Our June 30th-July 2nd auction series features the “Tatiana” collection of Saint Vincent; the largest offering of stamps from this small volcanic island in the Caribbean sea since the collection of Peter Jaffé was sold in 2006. The “Tatiana” collection features a staggering array of multiples and the majority of the rarest stamps of St. Vincent.
For this article, I will highlight another area of philately that was obviously close to both Jaffé’s and “Tatiana’s” hearts; the “CANCELLED” handstamps found on stamps gifted by Perkins Bacon. Jaffé’s seminal book, “CANCELLED by Perkins Bacon”, gives a detailed account about this fascinating story which led to Perkins Bacon being stripped of their printing contracts for the Crown Agents.
The story begins in 1861 with Ormond Hill, nephew of Sir Rowland Hill, with a letter he sent to Joshua Butters Bacon, the head of Perkins Bacon, requesting any remainder stamps he may have for “two or three of my friends who are collectors”.
Bacon was more than happy to comply with Ormond’s request, and stated in his reply that “the Queensland & others as we now have, as well as any made hereafter, shall be sent agreeably to your wishes”, and even offered more than 4 of each if needed. Hill, obviously very keen to get a hold of these stamps, replied the same day asking for six of each.
A few months later, six “obliterated impressions” of each of all the postage stamps they still held were sent to Pearson Hill, son of Sir Rowland Hill, with the suggestion to take two of each for himself and Rowland and forward the rest to Ormond.
Within two months of this sending, things turned sour as Penrose Julyan, the Agent General for the Crown Colonies, got wind of this arrangement and took great offence, as indicated in a letter from Perkins Bacon to Pearson: “(Julyan) considered it a culpable act on our part”, and that he said they “should never let a single impression go out of our hands in any state whatever”. The letter finishes with Perkins Bacon expressing incredulity about what they had done.
Newfoundland 1860 1s orange-vermilion imperforate with “CANCELLED” barred oval. Ex “Tatiana”, sold by David Feldman in June 2015 for £9’000.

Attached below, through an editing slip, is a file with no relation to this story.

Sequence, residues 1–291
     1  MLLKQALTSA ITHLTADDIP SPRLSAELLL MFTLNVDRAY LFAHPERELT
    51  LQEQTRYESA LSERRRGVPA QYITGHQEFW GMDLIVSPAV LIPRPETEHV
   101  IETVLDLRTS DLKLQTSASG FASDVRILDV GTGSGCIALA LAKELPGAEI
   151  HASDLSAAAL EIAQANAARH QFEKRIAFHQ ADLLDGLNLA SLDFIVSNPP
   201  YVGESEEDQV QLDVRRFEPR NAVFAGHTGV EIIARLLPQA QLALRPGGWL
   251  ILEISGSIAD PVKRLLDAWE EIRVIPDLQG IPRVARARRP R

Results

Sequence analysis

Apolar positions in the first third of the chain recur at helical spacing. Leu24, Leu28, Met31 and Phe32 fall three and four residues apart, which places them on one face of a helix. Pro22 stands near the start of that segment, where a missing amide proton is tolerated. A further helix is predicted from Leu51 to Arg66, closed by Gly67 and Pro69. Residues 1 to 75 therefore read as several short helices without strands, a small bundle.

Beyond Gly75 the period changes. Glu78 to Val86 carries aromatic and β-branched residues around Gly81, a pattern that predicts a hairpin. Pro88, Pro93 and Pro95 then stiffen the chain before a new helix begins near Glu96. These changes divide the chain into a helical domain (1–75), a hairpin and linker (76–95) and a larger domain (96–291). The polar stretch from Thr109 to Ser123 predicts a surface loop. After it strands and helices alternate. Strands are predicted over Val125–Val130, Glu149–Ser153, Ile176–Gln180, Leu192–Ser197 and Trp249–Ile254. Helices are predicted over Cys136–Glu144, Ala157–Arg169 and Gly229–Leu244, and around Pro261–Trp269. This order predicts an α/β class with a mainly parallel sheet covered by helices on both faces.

Ormond Hill responded with annoyance at this news, and seemingly changed his story by explaining in his response that he desired the stamps “for an Official collection and entirely for an official purpose.” He offered to return the stamps but just as quickly then asked if Perkins Bacon had any objection to him giving away “any of the superfluous impressions”; which he evidently did.
The final line of his letter raises questions though as to the number of each stamp he received, as he stated that “you will remember you sent me four of each kind in most cases”. Jaffé doesn’t suggest this, but it struck me that perhaps that was Ormond’s suggestive way of keeping two of each if indeed Perkins Bacon requested they be returned. However with the examples that Jaffé has recorded, there is certainly the possibility that only four examples of some issues may have been sent to the Hill family.
The end result was that Julyan insisted on the surrender of dies and plates that Perkins Bacon held for the British Colonies, which were transferred to him in August 1862, of which the majority were then passed on to De La Rue for further printings.
Stamps from 20 different British Colonies (plus Chile) have been recorded as being struck with this handstamp and sent to the Hill family. Saint Vincent had two values struck with the “CANCELLED” handstamp; the 1861 1d and 6d on unwatermarked paper. In the “Tatiana” collection of St. Vincent, we have two examples of the 1d, which formed the top left vertical pair in the block of six that was taken and of which only four have been recorded by Jaffé (with one of them in the Royal Collection). There is also an example of the 6d from the lower left corner of the block of six that was taken and of which only three have been recorded (again with one of them in the Royal Collection). All these three were in fact in the Jaffé collection which was sold by auction in 2006.
Western Australia had three different values struck with this handstamp; 1861 1d, 6d and 1s with very rough perforations. The “Tatiana” collection of Western Australia which features over 50 lots (including an impressive range of unused Swans) in our July 1st-2nd GB & British Empire catalogue features the 6d and 1s with the “CANCELLED” handstamp, both of which once graced the Dale-Lichtenstein collection. Four are recorded of each, although two examples of the 6d and one of the 1s are in the Royal Collection.
“Cancelled by Perkins Bacon” by Peter Jaffé, published by Spink & Son in 1998